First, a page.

The Dozen Vol. 27 No. 02

The Dozen – The Continuity of Wineries

Wineries have their own lives. The fortunate ones outlive their owners, sometimes by centuries.


Recently, when I tasted Dalla Terra’s new, negociant-style Barolo – reviewed below – a smile came to my face, not just because of the quality of the wine, but also because it is a new, baby brand for me to follow, vintage by vintage.

I also had a smile when I tasted Treasury Wine Estate’s Stags’ Leap Petite Sirah, which the late Carl Doumani owned until 1997. Once upon a time, Petite Sirahs were common in Napa Valley but were gradually abandoned because they were perhaps too “common.” But Doumani transformed his PS into an elegant, even iconic brand. The smile here is because Treasury eventually took ownership of the brand and kept making the varietal.

Other smiles – the longevity of the Frescobaldi’s brands, which has been in the family since 1300. I’ve had the opportunity to taste wines with Lamberto Frescobaldi, the 30th generation, although not the Chianti Classico noted in this week’s The Dozen. Also, a smile for Marques de Riscal, the brand whose Rioja winery I have visited a few times and which is now finishing its second century, having been founded “only” in 1858. I saw dusty bottles in its cellars much older than I am.

So when wineries annually issue their new vintages, I also think of them as another birthday in a glass to be celebrated.

2021 19  Crimes “Martha’s Lighter Chard” California Chardonnay ($15). Though I’m not generally a fan of reduced-alcohol wines, this one is delightful – 8.5% alcohol, very juicy, yet fairly dry with baked apple flavors and a lingering hint of cloves.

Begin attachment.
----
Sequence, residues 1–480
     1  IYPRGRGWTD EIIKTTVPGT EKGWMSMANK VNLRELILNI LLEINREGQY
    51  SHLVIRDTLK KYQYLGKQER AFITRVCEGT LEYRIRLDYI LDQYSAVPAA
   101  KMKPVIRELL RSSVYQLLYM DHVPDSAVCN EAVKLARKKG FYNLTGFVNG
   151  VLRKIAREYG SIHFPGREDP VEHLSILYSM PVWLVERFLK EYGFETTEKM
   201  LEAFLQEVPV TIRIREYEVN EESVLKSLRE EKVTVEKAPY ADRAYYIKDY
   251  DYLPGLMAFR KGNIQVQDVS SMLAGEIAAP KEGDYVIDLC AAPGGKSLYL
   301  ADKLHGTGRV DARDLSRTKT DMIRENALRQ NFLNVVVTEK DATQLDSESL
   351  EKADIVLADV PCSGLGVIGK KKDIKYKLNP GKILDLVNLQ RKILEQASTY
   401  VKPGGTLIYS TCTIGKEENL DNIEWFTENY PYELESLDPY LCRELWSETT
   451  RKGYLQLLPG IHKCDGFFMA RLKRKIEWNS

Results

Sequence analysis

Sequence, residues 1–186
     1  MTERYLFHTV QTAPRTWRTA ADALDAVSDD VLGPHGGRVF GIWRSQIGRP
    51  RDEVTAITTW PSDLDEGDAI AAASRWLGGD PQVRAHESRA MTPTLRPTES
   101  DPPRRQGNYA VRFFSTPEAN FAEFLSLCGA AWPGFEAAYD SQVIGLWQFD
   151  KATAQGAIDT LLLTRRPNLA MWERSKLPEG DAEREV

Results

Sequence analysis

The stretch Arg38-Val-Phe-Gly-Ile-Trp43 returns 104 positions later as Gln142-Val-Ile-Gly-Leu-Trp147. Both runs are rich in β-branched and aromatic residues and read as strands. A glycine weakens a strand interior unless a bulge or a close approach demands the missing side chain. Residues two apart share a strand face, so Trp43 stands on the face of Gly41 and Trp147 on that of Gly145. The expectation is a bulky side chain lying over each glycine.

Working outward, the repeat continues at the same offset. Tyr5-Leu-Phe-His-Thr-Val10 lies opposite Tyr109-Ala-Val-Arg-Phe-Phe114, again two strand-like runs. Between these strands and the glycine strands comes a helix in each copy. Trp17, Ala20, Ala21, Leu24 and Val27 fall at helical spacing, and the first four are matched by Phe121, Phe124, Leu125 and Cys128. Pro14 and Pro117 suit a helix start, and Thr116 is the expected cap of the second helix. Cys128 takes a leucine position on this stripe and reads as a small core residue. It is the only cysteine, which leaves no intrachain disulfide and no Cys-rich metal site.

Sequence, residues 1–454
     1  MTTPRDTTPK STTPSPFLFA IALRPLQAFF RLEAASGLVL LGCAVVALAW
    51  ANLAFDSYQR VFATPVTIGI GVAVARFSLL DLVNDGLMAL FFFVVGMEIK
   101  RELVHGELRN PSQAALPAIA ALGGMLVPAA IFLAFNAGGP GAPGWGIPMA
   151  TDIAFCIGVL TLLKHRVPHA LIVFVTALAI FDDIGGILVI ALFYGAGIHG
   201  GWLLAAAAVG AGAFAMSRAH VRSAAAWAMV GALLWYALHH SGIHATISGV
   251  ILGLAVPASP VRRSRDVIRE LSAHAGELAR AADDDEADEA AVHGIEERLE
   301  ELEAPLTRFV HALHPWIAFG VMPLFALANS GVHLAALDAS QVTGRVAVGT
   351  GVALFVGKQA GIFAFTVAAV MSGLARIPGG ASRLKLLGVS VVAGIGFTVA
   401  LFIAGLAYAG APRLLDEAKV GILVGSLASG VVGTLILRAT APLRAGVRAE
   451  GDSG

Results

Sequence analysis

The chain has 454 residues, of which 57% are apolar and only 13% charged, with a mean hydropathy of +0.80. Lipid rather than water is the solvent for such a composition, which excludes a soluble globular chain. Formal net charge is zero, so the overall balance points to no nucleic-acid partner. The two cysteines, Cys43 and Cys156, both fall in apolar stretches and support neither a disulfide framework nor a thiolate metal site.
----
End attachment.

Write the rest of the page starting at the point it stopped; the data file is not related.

2022 Villa Maria Marlborough Sauvignon Blanc ($16). Fresh aromas and tastes of kiwi fruit and lime with a medium body and a “green acidic” finish.

2020 Duca di Salapurata “Lavico” Etna Rosso ($17). A very light red with bright cherry flavors, lots of acidity, and raspy tannins.

2020 Villa Maria Marlborough Pinot Noir ($19). A lightish Pinot, but with ripe cherry fruits and cola flavors, lean with savory hints.

2017 Frescobaldi “Tenuta de Perano” Chianti Classico ($28). Quite enjoyable – rich, chalky flavors of red and black raspberries with good tannins, structure, and long finish.

2019 Beaulieu Vineyards Napa Valley Cabernet Sauvignon ($39). Crisp cherry and blackberry flavors with good balance, raspy tannins, and a long finish.

2018 Dalla Terra “Perla Terra” Barolo ($40). A lovely wine with lots of intense, tangy cherry and berry flavors and very long on the palate.

2018 Stags’ Leap Napa Valley Petite Sirah ($50).Lively flavors, yet firm structure with tastes of blueberries and blackberries and a good lilt of fruit in the finish.

2016 Marqués de Riscal “Baron de Chirel” Rioja Reserva ($96). Delicious flavors of blackberries well-blended with barrel notes and lip-smacking tannins – elegant and lightish in spite of 15% alcohol.

2019 Priest Ranch “Snake Oil” Napa Valley Cabernet Sauvignon ($110). Warm and generous, yet potent, with blackberry fruits and a few savory notes – mouth-filling, with smooth tannins.

2019 Clos Apalta Apalta Red Blend ($160). Led by  Carmenère, the blend has lovely aromas and flavors of rounded cherries and blackberries along with complex barrel notes, lots of pecan-shell tannins, and hints of bitters – just lovely

2020 Ornellaia Bolgheri Superiore (about $270). Lovely, smooth, and very rich with flavors of blackberries and blueberries, walnuts, light brambles, and bitters with well-integrated tannins, some chalkiness, and very long on the palate.

Prices listed are generally SRP or from As more wineries are shipping direct-to-consumer, check the winery website if you can’t find a bottle in your retail store.

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Roger Morris writes about wine, food and travel for The World of Fine Wine, Drinks Business, Meininger's Wine Business International, Wine Enthusiast and other publications in the U.S. and Europe.

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